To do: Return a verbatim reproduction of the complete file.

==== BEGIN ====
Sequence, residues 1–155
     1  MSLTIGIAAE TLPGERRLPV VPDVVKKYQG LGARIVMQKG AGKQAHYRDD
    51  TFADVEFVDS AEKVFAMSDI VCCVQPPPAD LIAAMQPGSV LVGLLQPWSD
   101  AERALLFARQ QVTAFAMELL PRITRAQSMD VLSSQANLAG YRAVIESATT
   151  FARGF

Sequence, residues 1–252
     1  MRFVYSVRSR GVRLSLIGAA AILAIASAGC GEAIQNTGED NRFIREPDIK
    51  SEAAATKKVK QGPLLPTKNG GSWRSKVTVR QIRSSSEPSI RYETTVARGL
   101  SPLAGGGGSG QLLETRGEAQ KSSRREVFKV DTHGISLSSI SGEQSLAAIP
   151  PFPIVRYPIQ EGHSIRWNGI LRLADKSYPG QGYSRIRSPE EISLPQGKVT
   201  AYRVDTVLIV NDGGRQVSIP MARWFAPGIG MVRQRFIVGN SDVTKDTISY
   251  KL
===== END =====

Sequence, residues 1–155
     1  MSLTIGIAAE TLPGERRLPV VPDVVKKYQG LGARIVMQKG AGKQAHYRDD
    51  TFADVEFVDS AEKVFAMSDI VCCVQPPPAD LIAAMQPGSV LVGLLQPWSD
   101  AERALLFARQ QVTAFAMELL PRITRAQSMD VLSSQANLAG YRAVIESATT
   151  FARGF

Sequence, residues 1–252
     1  MRFVYSVRSR GVRLSLIGAA AILAIASAGC GEAIQNTGED NRFIREPDIK
    51  SEAAATKKVK QGPLLPTKNG GSWRSKVTVR QIRSSSEPSI RYETTVARGL
   101  SPLAGGGGSG QLLETRGEAQ KSSRREVFKV DTHGISLSSI SGEQSLAAIP
   151  PFPIVRYPIQ EGHSIRWNGI LRLADKSYPG QGYSRIRSPE EISLPQGKVT
   201  AYRVDTVLIV NDGGRQVSIP MARWFAPGIG MVRQRFIVGN SDVTKDTISY
   251  KL